October. And the fall recruitment season for those shrinking high school graduate numbers goes into full swing. After the new September changes in the NACAC “good practices” recruitment guidelines we’ll be watching for competitive innovations starting anytime now.
Improving the marketing power of your website? Find out what potential students like and dislike about your current site before making changes. Feedback in 5 days on 13 quality points with Gerry McGovern’s unique Customer Centric Index (CCI) survey approach.
Right now, I’m reviewing 200+ extra comments added by 400+ CCI survey respondents answering the question: “If you could change one thing about our website, what would you change and why?”
Join 760+ higher education professionals on the Top Tasks: Higher Education Website Content group at LinkedIn. Request membership at https://www.linkedin.com/groups/8478858. See how University of Missouri sorts 215 student tasks to 12 Top Tasks and 36 “Most Popular” and then 167 others. On a single web page.
7,300+ people get my daily marketing updates on Twitter at https://twitter.com/HighEdMarketing.
Forward this newsletter to a friend. Only email required here to subscribe.
And now, your October marketing news and notes.
Cartoon of the Month: Speed Counts in “The Reality of Page Load Times”
If the folks who create and maintain your website don’t pay attention to how fast your site downloads, have a talk about the marketing impact of slow sites after everyone reads this Tom Fishburne cartoon.
Share “This is ridiculous. I’m Outta Here.”
College Comparison Tool: College Insight for Marketing Advantage
The opening page speaks to “research analysts” and “policy advisors” without mentioning potential students but this also is a fine place for college-bound students to compare stats on colleges in their possibilities group.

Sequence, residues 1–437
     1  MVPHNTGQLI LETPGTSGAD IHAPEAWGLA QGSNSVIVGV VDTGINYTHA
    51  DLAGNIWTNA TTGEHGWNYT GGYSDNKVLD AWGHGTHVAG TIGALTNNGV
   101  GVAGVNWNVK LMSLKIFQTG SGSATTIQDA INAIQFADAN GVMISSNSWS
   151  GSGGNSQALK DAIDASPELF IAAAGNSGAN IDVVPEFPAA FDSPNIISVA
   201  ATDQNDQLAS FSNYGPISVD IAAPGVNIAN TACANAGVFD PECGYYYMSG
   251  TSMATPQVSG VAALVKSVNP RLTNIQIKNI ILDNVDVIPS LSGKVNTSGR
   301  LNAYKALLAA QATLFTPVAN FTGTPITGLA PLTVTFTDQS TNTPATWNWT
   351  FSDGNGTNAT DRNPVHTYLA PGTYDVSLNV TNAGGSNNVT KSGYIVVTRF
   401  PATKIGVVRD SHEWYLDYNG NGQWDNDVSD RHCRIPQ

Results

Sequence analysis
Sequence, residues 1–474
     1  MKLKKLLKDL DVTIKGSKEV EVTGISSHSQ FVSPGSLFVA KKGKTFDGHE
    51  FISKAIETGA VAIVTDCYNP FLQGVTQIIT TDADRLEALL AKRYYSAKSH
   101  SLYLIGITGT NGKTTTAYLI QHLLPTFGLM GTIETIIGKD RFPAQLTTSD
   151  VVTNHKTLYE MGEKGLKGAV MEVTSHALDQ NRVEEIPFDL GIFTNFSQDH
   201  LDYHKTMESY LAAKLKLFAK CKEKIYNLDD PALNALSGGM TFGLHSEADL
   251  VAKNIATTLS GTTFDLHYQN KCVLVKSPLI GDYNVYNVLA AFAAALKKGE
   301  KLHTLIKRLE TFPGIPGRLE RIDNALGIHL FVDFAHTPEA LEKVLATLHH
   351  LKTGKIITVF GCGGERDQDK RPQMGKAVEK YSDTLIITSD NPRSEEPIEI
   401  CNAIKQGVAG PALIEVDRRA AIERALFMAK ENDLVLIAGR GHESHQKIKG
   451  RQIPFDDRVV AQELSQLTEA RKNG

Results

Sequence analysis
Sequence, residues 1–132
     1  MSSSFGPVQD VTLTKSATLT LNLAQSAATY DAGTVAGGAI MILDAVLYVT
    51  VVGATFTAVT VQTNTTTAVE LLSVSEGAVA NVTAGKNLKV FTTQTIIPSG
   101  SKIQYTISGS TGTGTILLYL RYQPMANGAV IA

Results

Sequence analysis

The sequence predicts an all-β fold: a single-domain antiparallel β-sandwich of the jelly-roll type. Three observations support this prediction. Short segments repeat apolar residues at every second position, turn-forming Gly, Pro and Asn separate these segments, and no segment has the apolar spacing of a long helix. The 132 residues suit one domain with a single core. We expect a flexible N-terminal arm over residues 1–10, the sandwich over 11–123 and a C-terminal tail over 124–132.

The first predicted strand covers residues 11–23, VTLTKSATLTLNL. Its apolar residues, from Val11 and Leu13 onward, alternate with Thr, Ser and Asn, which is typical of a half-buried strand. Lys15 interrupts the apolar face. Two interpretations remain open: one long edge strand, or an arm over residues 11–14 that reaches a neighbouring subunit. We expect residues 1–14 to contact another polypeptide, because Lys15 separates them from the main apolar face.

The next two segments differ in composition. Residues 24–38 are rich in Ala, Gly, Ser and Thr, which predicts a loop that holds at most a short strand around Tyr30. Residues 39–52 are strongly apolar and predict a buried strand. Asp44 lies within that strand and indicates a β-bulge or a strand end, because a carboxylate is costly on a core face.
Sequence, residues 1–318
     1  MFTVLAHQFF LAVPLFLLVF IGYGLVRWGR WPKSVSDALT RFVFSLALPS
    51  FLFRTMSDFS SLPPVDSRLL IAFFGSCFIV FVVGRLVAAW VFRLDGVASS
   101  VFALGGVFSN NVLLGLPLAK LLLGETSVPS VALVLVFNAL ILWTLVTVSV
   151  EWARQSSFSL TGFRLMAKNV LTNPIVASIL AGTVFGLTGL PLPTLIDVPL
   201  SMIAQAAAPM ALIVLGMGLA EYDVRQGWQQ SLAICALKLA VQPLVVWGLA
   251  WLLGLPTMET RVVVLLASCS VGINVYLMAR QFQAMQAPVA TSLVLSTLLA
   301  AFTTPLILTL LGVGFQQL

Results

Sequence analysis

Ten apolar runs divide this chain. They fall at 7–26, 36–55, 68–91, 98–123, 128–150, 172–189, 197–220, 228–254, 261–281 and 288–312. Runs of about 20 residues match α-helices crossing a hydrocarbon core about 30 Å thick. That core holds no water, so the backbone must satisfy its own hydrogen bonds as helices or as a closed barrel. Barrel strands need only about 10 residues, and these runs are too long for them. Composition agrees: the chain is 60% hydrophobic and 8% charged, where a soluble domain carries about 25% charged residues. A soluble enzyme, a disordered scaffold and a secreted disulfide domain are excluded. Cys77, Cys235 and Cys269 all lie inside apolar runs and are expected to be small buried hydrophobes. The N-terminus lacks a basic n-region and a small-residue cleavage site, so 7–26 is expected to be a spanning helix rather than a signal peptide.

It was easy to find, for instance, comparative data on two Michigan liberal arts colleges on the College Spotlight page for affordability points including loan debt of graduates, percent of financial need met, percent of students with financial need… and much more. Enter the name of your college and expand the result to add your competitors.
For marketing info on your competitors and more, explore “Find the Data You Need.”
College Rankings: Impact of New Carnegie Classifications
When the Carnegie Classification minders at Indiana University changed the classification criteria earlier this year many universities were elevated to a “national” status. And that changed the results in rating formats like US News and Washington Monthly.
How do schools compare in the two rankings? Robert Kelchen lists the differences for 7 universities (including Santa Clara, Elon, and Gonzaga) in a short blog post that includes a link to many more comparisons. For some schools, it makes a difference who rates you. For others, not so much.
Start with the blog article, “How the New Carnegie Classifications Scrambled College Rankings.”
College Rankings: The Wall Street Journal
Need another ranking of colleges and universities to add badges to your website? The WSJ rankings are out with an emphasis on “success of students after graduation.” Harvard is ranked #1. And three other Ivies are in the Top 5.
Find your new badge at “The Top U,S. Colleges.”
Advertising to Gen Z: 7 Steps from Target Marketing
Gen 7 people born after 1997 live in a different world than Millennials. Compare your marketing plans with Target Marketing recommendations that start with “Authenticity” and end with “Brands.”
Visit “7 Steps to Advertising to the Emerging Gen Z Consumer.”